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In the middle of this epic film there is a quiet, small scene that helps explain why “Gandhi” is such a remarkable experience. Mahatma Gandhi, at the height of his power and his fame, stands by the side of a lake with his wife of many years. Together, for the benefit of a visitor from the West, they reenact their marriage vows. They do it with solemnity, quiet warmth, and perhaps just a touch of shyness; they are simultaneously demonstrating an aspect of Indian culture and touching on something very personal to them both. At the end of the ceremony, Gandhi says, “We were thirteen at the time.” He shrugs. The marriage had been arranged. Gandhi and his wife had not been in love, had not been old enough for love, and yet love had grown between them. But that is not really the point of the scene. The point, I think, comes in the quiet smile with which Gandhi says the words. At that moment we believe that he is fully and truly human, and at that moment, a turning point in the film, Gandhi declares that it is not only a historical record but a breathing, living document.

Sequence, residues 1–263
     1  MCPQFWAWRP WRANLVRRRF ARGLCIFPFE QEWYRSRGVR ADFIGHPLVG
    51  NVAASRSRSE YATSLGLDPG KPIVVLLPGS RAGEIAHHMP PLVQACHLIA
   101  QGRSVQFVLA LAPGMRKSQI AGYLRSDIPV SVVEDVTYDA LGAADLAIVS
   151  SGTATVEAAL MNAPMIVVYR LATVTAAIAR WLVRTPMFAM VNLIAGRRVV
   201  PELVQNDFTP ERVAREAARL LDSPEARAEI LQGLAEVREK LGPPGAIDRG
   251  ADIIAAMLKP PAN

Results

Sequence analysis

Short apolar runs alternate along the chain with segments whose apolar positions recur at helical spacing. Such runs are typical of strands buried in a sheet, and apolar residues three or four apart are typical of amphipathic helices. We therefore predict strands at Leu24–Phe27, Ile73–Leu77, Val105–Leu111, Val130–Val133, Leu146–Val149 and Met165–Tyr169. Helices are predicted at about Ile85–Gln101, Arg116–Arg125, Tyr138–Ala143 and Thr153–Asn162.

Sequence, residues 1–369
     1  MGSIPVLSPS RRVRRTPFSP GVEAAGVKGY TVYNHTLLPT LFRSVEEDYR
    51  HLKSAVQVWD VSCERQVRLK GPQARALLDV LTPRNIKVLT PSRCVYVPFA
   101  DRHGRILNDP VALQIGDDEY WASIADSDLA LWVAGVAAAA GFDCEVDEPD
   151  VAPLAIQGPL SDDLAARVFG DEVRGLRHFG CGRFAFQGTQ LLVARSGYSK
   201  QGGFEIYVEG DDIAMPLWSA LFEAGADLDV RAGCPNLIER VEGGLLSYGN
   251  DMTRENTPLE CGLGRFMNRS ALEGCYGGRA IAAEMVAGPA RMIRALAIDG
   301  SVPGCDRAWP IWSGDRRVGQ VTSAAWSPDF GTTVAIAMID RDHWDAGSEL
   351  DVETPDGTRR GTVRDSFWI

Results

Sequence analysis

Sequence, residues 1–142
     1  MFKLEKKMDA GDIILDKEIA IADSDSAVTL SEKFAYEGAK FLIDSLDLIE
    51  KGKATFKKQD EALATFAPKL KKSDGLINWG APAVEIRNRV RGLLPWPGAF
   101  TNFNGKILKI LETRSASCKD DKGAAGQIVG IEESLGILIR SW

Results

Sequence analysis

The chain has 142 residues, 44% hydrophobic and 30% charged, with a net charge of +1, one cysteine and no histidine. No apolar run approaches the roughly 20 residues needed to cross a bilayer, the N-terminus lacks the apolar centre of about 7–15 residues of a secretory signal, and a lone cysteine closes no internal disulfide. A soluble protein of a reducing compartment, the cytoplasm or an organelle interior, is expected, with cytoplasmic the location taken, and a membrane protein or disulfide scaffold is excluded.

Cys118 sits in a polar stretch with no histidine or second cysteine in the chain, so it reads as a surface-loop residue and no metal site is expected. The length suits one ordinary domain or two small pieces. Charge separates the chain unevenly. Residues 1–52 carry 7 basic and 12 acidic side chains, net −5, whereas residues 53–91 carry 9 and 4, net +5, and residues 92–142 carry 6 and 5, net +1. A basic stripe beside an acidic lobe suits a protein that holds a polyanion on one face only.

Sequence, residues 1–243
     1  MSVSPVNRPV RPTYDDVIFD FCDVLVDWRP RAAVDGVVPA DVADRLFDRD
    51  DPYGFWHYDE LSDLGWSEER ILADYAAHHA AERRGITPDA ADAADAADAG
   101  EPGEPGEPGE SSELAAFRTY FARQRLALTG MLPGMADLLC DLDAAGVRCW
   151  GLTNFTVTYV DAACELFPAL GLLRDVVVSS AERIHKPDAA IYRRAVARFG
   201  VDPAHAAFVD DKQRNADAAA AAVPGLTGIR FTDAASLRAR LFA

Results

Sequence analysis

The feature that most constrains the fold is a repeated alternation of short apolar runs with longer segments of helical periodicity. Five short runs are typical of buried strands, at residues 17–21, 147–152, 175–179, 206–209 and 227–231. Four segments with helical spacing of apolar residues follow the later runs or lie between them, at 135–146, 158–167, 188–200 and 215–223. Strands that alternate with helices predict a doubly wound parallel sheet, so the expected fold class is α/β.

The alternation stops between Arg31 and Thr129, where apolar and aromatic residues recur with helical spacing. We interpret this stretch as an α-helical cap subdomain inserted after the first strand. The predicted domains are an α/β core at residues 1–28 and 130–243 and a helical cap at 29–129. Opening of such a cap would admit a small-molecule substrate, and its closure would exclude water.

This is the sort of rare epic film that spans the decades, that uses the proverbial cast of thousands, and yet follows a human thread from beginning to end: “Gandhi” is no more overwhelmed by the scope of its production than was Gandhi overwhelmed by all the glory of the British Empire. The movie earns comparison with two classic works by David Lean, “Lawrence of Arabia” and “Doctor Zhivago”, in its ability to paint a strong human story on a very large canvas.
In the early years of the 20th century, Mohandas K. Gandhi, a British-trained lawyer, forsakes all worldly possessions to take up the cause of Indian independence. Faced with armed resistance from the British government, Gandhi adopts a policy of ‘passive resistance’, endeavouring to win freedom for his people without resorting to bloodshed.